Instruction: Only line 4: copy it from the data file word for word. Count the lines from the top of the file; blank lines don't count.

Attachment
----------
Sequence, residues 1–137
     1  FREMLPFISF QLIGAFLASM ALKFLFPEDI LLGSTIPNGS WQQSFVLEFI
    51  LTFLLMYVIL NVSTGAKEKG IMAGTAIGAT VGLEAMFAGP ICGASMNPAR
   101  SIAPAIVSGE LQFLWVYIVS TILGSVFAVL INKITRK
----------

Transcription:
   101  SIAPAIVSGE LQFLWVYIVS TILGSVFAVL INKITRK